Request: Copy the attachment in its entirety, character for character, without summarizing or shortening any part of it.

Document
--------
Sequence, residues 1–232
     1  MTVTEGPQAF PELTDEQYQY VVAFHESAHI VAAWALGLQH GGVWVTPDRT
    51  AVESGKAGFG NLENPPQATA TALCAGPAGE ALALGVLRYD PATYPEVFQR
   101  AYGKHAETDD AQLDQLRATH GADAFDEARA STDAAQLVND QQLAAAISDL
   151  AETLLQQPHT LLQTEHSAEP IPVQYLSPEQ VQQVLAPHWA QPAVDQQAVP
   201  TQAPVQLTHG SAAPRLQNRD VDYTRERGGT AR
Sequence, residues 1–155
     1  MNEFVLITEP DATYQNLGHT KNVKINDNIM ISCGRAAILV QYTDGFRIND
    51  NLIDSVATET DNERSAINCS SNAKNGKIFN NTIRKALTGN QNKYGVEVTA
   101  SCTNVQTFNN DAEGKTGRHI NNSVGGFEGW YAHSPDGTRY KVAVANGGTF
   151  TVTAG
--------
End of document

Sequence, residues 1–232
     1  MTVTEGPQAF PELTDEQYQY VVAFHESAHI VAAWALGLQH GGVWVTPDRT
    51  AVESGKAGFG NLENPPQATA TALCAGPAGE ALALGVLRYD PATYPEVFQR
   101  AYGKHAETDD AQLDQLRATH GADAFDEARA STDAAQLVND QQLAAAISDL
   151  AETLLQQPHT LLQTEHSAEP IPVQYLSPEQ VQQVLAPHWA QPAVDQQAVP
   201  TQAPVQLTHG SAAPRLQNRD VDYTRERGGT AR
Sequence, residues 1–155
     1  MNEFVLITEP DATYQNLGHT KNVKINDNIM ISCGRAAILV QYTDGFRIND
    51  NLIDSVATET DNERSAINCS SNAKNGKIFN NTIRKALTGN QNKYGVEVTA
   101  SCTNVQTFNN DAEGKTGRHI NNSVGGFEGW YAHSPDGTRY KVAVANGGTF
   151  TVTAG